The “keto flu” is often associated with some related side effects that can be rather unpleasant. Many people feel symptoms of what they call “the keto flu” as they begin their diet. This can also be known as the “carb flu.” The carb flu is experienced when the body tries to readjust to a diet consisting of little to no carbohydrates and more proteins and fats.
The symptoms you experience is your body turning from glucose for energy to burning ketones instead. Ketones are a by-product of fat breakdown and suddenly become the main fuel source when carbohydrates are not available as an energy source. Fat is considered the body’s secondary source of calories to burn when carbohydrates are unavailable.
Considering that the keto diet generally limits carbs to less than 50 grams of net carbs a day, this drastic overall reduction in carbs can shock the body into feeling the “keto flu.” These withdrawal symptoms are similar to those that you experience when giving up caffeine or another addictive substance.
What Symptoms Do You Feel?
The “keto flu” is similar to the symptoms of the actual flu. When you begin the “keto diet,” you might literally feel symptoms similar to the regular flu. The body must flush the water and sodium out before burning it as its main source of fuel. Most people will lose about 10 lbs during the 5 days on the keto diet. Most of that weight is water, as the thyroid hormone levels will drop, and cortisol levels will increase.
Many people experience headaches, foggy brain, fatigue, irritability, nausea, difficulty sleeping, and constipation being just some of the conditions people experience when going through keto flu. Most people experience these symptoms until their body reaches ketosis or between two and seven days after cutting down on carbohydrates. In more extreme cases, these symptoms can last a couple of weeks or up to a month in length.
“Keto flu” is a normal part of your body adjusting to a low-carb diet. However, there are things that you can do to make the symptoms more minimal and ensure that you are healthy while completing your transition to a keto diet:
Keep Yourself Hydrated:
Be sure that you consume enough liquid when transitioning to a keto diet. This is particularly true of drinking enough water. It would help if you aimed for a minimum of half of your body weight in ounces of water consumed each day. For example, if you weigh 200 lbs, you should drink at least 100 oz of water a day. If you weigh 150 lbs, you should drink at least 75 oz of water daily. Hydration is essential when your body flushes out water and salt as it prepares to shed fat rather than burn carbohydrates, a source of fat.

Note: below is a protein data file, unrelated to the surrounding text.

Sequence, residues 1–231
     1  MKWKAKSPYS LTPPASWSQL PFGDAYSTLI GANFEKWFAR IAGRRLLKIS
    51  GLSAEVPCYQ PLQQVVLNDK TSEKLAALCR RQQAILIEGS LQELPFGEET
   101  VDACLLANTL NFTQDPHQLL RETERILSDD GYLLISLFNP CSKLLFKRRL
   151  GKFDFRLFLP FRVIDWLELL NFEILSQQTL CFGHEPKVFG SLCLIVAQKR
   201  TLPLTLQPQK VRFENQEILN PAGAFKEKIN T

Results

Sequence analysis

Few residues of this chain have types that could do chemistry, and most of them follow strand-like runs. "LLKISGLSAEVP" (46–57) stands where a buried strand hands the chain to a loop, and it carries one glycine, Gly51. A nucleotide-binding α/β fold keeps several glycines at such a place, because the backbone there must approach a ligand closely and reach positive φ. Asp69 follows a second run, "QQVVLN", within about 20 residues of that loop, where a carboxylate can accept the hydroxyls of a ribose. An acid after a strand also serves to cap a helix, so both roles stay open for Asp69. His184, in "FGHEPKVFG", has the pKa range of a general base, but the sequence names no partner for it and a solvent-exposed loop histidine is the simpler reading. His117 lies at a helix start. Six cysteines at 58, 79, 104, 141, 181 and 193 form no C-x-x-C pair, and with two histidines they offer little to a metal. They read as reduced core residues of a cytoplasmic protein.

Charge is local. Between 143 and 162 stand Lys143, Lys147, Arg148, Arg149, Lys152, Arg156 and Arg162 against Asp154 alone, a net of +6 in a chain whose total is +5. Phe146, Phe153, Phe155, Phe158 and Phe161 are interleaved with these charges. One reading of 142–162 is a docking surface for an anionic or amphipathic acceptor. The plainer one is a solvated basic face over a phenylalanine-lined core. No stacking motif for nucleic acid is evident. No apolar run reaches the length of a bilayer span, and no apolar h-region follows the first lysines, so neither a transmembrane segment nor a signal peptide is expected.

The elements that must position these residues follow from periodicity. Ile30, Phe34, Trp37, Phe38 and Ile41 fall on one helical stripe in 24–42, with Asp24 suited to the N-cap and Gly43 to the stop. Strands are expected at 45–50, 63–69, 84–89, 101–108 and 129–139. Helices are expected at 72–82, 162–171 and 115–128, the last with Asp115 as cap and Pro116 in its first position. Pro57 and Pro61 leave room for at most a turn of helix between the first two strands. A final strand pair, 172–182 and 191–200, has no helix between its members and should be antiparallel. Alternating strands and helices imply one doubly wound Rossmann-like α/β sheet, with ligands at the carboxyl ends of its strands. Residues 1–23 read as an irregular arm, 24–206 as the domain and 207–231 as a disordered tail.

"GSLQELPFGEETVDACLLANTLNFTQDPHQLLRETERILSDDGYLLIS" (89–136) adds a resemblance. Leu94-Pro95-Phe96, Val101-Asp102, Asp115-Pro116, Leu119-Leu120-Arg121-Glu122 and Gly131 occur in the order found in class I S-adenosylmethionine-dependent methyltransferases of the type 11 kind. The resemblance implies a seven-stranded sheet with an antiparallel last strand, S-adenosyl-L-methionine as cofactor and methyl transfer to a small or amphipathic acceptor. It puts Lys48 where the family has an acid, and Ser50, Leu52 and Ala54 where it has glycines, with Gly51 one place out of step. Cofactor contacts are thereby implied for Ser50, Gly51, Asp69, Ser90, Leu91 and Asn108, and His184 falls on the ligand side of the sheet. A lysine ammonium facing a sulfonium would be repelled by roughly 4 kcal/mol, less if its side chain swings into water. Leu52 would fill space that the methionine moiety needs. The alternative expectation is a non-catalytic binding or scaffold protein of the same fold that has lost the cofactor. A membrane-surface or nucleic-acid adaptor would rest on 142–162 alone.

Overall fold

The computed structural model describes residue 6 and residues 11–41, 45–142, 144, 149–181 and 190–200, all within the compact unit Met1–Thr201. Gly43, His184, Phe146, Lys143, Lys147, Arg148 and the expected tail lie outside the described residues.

When you lose sodium and water weight as rapidly as you do when your body goes into ketosis, it can knock your electrolytes out of whack and make you feel even worse. Ensuring that you are taking a quality electrolyte supplement daily can help minimize your flu symptoms. In addition, ensuring that you are replacing your electrolytes helps your body maintain proper hydration. Other ways to balance your electrolytes include salting your foods to taste and including keto-friendly potassium-rich foods in your diet. Including dark leafy greens and avocados can help you keep your electrolytes in balance.
Avoid Strenuous Exercise:
You can exercise while your body goes into ketosis, but avoiding strenuous exercise can help you avoid fatigue, muscle cramps, and stomach aches when you experience any “keto flu” symptoms. Lighter workouts like cycling or power walking serve you better during the keto diet. Yoga is another option for lighter exercise as you allow the new keto diet and allow your body to adapt to burning fat as your main fuel source. Lighter exercise may help your body feel more healthy and rejuvenated.
Getting Enough Sleep:
Getting proper rest is essential to help keep your body in good health while transitioning to a keto diet. Getting less than ideal sleep can make you more irritable and moody when you are switching to a keto diet and experiencing symptoms of the “keto flu.” In addition, lack of sleep causes cortisol levels to rise, which can make you even more moody and grouchy while going through the keto transition.
Eat Enough Fats (And Carbs):
In the absence of carbs, eating enough fat can help keep you craving more carbs as you feel more satisfied. Fat is your primary energy source to burn on the keto diet, so consume an adequate amount of it. Ensure that you also consume enough protein to keep your muscles able to repair themselves and fill you up.
Consider Starting Slowly If “Keto Flu” Lingers:
If you want to reduce or avoid “keto flu” symptoms, then consider slowly phasing cabs out of your diet. Cutting down your carbohydrate intake by a predetermined amount each week can help your body adjust to the keto diet. This provides a more gentle transition into keto rather than the unpleasant side effects you may otherwise experience. The smoother transition works for many dieters better than the sudden change that shocks the body.
Properly caring for your body while you transition to a keto diet can help ease the transition symptoms. For example, consider a slow phasing out of carbs in your diet if you don’t want to experience the complete “keto flu” effects and still wish to use the keto diet to lose weight. The less miserable the transition is, the more likely someone will stick with the plan in the long run.
While the keto diet is perfectly safe for most people, please be sure to consult your healthcare provider if you have any questions about going on a keto diet. They are there to help you, and they know your medical history. They will be happy to help you determine if this is a diet that can work for you!